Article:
Fix, fairly puzzled, descended to his cabin and gave himself up to his reflections. He was evidently suspected; somehow or other the Frenchman had found out that he was a detective. But had he told his master? What part was he playing in all this: was he an accomplice or not? Was the game, then, up? Fix spent several hours turning these things over in his mind, sometimes thinking that all was lost, then persuading himself that Fogg was ignorant of his presence, and then undecided what course it was best to take.
Nevertheless, he preserved his coolness of mind, and at last resolved to deal plainly with Passepartout. If he did not find it practicable to arrest Fogg at Hong Kong, and if Fogg made preparations to leave that last foothold of English territory, he, Fix, would tell Passepartout all. Either the servant was the accomplice of his master, and in this case the master knew of his operations, and he should fail; or else the servant knew nothing about the robbery, and then his interest would be to abandon the robber.
Such was the situation between Fix and Passepartout. Meanwhile Phileas Fogg moved about above them in the most majestic and unconscious indifference. He was passing methodically in his orbit around the world, regardless of the lesser stars which gravitated around him. Yet there was near by what the astronomers would call a disturbing star, which might have produced an agitation in this gentleman's heart. But no! The charms of Aouda failed to act, to Passepartout's great surprise; and the disturbances, if they existed, would have been more difficult to calculate than those of Uranus which led to the discovery of Neptune.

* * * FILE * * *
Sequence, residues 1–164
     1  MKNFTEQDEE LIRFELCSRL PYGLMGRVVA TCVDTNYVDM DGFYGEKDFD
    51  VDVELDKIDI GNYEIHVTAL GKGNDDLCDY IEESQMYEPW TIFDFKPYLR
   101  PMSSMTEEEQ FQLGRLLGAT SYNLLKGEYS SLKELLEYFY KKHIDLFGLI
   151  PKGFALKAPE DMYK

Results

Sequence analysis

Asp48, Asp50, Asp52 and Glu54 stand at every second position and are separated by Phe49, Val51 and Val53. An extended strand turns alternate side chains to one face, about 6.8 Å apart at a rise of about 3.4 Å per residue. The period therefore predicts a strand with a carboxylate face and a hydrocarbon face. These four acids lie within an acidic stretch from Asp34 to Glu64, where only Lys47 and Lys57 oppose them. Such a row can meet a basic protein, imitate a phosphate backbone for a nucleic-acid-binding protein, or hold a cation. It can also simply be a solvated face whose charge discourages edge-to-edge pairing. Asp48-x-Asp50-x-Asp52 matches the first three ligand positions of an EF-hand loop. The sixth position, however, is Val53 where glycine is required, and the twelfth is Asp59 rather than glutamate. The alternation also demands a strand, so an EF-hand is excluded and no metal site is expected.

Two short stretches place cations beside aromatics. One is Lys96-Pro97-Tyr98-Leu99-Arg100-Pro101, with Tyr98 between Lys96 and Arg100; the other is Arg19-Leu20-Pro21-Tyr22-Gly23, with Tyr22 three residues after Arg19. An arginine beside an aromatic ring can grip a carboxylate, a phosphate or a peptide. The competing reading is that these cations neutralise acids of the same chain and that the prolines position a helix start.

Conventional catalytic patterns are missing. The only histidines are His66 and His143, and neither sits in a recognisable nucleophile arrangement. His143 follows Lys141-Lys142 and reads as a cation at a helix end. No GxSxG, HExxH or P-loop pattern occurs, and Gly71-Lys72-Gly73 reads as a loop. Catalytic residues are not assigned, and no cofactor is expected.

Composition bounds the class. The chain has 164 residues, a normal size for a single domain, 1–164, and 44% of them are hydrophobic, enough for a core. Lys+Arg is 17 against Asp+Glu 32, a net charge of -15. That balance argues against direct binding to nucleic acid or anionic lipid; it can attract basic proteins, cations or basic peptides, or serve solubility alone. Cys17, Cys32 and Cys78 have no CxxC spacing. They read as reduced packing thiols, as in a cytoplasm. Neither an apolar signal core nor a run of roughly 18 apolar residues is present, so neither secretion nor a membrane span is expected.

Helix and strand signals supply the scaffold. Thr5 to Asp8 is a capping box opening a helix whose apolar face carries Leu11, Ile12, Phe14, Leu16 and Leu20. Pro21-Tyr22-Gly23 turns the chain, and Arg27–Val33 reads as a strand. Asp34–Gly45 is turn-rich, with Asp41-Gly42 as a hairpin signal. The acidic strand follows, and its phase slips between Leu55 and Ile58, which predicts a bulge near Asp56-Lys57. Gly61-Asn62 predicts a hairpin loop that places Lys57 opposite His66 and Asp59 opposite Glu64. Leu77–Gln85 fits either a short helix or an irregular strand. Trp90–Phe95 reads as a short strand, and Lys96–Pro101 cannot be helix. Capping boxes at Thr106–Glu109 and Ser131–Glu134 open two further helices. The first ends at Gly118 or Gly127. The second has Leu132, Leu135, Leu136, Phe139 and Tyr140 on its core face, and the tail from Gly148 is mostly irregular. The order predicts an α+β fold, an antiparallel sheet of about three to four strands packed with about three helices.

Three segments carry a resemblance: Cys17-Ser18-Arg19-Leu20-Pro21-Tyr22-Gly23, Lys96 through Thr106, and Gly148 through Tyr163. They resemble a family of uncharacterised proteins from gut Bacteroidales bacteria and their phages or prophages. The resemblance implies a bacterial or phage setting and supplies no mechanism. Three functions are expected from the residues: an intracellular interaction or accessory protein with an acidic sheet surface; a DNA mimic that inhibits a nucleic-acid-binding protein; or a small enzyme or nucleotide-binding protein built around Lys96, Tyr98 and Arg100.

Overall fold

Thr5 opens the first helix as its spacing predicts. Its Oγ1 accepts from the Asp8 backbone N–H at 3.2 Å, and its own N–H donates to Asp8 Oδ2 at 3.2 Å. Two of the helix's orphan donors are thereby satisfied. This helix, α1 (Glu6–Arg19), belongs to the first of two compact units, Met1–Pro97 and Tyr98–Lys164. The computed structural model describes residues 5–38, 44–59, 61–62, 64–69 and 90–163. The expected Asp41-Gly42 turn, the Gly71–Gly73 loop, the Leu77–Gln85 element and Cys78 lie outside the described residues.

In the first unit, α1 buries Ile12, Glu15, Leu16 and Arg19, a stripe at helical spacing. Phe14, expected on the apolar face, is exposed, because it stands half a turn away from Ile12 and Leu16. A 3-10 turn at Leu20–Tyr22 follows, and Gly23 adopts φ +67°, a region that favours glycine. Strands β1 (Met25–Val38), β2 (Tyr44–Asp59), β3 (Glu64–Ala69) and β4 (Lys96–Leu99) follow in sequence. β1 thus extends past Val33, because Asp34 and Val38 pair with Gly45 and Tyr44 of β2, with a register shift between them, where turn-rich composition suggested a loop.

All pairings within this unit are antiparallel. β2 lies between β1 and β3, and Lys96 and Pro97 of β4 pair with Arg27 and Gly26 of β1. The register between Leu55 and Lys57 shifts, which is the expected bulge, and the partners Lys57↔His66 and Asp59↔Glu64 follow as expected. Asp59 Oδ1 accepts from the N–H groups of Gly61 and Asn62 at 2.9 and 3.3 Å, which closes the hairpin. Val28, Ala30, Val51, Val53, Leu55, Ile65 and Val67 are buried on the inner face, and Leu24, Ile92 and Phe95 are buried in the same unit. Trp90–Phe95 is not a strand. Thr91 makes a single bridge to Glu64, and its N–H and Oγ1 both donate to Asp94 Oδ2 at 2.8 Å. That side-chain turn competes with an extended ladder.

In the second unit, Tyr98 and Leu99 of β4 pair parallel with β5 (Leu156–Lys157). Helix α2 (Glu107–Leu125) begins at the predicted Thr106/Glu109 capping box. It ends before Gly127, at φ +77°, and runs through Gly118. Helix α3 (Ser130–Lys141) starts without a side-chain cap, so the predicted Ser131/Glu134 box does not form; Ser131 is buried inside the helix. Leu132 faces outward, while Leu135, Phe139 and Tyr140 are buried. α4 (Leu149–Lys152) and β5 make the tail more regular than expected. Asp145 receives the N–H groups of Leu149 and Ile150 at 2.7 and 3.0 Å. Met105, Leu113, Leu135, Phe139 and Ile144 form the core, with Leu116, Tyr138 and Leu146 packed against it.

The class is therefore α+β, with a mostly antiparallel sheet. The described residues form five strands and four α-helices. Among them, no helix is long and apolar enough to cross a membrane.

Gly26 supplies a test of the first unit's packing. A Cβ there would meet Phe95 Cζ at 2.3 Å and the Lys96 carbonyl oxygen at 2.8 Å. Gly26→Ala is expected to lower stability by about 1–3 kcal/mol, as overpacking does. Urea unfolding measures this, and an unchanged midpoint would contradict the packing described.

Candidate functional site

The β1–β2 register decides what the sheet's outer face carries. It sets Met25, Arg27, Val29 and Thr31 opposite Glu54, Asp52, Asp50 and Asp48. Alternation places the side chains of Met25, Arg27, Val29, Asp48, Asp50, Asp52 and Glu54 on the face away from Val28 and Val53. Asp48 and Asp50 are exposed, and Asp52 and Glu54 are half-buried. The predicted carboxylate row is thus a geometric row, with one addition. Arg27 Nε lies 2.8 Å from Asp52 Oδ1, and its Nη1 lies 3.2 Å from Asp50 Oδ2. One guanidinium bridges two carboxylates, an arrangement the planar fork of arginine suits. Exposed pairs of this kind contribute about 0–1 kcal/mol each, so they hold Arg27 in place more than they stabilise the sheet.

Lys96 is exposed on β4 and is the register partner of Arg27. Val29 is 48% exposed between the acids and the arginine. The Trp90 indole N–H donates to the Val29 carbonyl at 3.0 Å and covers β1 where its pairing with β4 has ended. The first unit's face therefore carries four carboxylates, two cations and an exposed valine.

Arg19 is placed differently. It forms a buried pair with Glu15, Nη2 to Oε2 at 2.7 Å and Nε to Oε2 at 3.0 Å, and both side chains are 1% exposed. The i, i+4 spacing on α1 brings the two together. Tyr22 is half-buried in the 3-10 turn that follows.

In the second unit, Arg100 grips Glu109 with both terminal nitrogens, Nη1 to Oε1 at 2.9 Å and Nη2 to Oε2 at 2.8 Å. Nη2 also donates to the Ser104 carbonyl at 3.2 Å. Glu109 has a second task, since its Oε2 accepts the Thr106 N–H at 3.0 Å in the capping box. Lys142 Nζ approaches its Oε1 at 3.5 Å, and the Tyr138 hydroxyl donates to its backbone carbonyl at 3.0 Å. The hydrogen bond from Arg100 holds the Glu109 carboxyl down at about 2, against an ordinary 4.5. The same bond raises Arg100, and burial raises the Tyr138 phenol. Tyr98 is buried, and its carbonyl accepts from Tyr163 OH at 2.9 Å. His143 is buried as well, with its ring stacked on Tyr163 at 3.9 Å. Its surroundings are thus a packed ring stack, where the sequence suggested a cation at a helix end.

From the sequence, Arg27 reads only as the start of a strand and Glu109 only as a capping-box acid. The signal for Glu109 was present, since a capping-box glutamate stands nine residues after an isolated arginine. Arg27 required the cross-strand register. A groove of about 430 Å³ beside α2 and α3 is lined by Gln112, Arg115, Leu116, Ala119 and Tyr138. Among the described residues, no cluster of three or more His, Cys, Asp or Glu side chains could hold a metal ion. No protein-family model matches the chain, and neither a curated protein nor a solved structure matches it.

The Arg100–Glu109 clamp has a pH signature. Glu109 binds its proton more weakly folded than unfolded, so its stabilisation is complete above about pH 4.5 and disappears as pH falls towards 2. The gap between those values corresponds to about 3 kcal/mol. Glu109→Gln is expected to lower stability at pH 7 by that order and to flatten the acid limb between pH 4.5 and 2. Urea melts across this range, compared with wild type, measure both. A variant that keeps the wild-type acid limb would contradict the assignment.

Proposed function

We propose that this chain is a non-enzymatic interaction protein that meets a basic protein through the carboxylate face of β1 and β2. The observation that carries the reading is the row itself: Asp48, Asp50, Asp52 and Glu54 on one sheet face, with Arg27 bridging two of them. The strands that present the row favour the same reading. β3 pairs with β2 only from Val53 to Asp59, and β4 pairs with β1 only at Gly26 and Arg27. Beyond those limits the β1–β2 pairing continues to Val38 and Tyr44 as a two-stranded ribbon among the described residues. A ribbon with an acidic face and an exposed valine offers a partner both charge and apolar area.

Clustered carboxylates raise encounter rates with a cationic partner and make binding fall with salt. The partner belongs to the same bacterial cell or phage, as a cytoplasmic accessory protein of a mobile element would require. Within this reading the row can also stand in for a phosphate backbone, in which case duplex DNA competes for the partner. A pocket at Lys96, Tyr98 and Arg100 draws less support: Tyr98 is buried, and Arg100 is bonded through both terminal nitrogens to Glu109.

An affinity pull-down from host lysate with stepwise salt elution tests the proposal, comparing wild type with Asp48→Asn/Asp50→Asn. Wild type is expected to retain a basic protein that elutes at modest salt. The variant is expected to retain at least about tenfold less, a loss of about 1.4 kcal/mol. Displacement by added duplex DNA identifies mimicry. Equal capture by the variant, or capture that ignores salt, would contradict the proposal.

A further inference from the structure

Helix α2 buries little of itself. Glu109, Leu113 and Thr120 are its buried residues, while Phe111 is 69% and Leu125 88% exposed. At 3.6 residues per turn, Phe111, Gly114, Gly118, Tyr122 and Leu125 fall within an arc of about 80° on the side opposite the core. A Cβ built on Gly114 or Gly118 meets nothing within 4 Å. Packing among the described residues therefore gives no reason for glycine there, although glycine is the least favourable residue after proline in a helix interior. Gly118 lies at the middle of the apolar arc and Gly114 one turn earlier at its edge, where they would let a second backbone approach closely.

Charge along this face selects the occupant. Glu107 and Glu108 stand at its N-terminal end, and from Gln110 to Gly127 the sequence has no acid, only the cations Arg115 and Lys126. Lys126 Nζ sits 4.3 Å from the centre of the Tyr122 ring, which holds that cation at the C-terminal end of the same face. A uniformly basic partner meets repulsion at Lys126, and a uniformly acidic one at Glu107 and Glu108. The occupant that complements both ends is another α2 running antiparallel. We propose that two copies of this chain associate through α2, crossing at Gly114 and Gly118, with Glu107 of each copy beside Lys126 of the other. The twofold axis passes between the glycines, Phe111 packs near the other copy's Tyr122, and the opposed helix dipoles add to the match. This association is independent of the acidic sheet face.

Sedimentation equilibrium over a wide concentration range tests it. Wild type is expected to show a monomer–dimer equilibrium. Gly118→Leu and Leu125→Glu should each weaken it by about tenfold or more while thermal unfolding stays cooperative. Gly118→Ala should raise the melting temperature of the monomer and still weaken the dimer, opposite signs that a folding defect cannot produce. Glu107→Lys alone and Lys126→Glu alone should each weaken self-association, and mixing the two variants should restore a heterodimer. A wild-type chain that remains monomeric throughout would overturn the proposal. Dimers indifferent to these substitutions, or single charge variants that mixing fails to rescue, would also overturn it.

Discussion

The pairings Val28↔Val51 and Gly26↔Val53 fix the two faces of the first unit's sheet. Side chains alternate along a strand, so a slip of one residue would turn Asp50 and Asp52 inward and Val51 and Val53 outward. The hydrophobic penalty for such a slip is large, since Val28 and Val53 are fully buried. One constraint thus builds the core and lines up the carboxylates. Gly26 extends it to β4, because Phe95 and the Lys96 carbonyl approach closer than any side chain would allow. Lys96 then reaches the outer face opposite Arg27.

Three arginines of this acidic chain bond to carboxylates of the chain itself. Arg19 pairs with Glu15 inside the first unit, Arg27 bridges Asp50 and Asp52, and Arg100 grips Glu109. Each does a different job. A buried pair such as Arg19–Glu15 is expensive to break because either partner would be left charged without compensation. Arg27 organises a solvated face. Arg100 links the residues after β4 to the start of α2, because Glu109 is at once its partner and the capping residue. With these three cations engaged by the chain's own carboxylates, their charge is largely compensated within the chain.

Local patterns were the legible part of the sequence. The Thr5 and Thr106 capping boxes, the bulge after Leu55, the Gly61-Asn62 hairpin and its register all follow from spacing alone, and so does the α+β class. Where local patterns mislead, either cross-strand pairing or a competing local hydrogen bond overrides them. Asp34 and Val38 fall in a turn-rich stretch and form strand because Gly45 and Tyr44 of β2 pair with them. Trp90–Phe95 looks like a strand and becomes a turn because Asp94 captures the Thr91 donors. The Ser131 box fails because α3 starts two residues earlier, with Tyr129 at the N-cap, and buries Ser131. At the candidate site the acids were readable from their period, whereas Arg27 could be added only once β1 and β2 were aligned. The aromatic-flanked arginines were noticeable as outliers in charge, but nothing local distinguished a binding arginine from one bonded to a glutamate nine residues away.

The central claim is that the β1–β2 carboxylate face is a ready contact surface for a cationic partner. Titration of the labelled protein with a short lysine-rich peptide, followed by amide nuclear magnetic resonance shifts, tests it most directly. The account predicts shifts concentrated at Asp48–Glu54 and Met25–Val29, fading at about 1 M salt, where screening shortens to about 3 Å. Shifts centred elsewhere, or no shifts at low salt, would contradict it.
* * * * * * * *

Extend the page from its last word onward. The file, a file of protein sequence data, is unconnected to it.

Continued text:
It was every day an increasing wonder to Passepartout, who read in Aouda's eyes the depths of her gratitude to his master. Phileas Fogg, though brave and gallant, must be, he thought, quite heartless. As to the sentiment which this journey might have awakened in him, there was clearly no trace of such a thing; while poor Passepartout existed in perpetual reveries.
It was while Passepartout was in one such reverie that he fond himself outside Aouda's stateroom. She answered on the third knock of his knuckles and he slipped inside unseen by any other passengers.
"You take a great risk coming here," she told him, glancing nervously at his groin which was unable to disguise the prominent rod sticking out.
"You my sweet Aouda, my princess of the night, you are worth any risk."
"It would seem you have a penchant for risk, is that always the case?" He didn't answer her directly, but swept her into his arms and placed a kiss upon her lips, which opened instantly as if he had uttered a secret password.
"We don't have much time my hero," Aouda said as she tore her clothing away from her body and stood naked and proud before him. Then she dropped to her knees and fished his enormous prick from its confinement and placed it between her lips and sucked feverously upon it. When Passepartout could stand the pleasuring no longer without spending, he disengaged her tantalizing mouth and using both hands, lifted her by her plump, but surprisingly firm arse and gently placed her on her back upon the table.